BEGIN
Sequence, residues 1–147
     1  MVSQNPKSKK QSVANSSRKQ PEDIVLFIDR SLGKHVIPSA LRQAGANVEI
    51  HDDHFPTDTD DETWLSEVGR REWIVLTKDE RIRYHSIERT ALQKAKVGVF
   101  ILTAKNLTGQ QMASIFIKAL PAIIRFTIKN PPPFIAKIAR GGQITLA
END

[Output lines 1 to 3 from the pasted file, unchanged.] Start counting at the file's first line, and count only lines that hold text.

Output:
Sequence, residues 1–147
     1  MVSQNPKSKK QSVANSSRKQ PEDIVLFIDR SLGKHVIPSA LRQAGANVEI
    51  HDDHFPTDTD DETWLSEVGR REWIVLTKDE RIRYHSIERT ALQKAKVGVF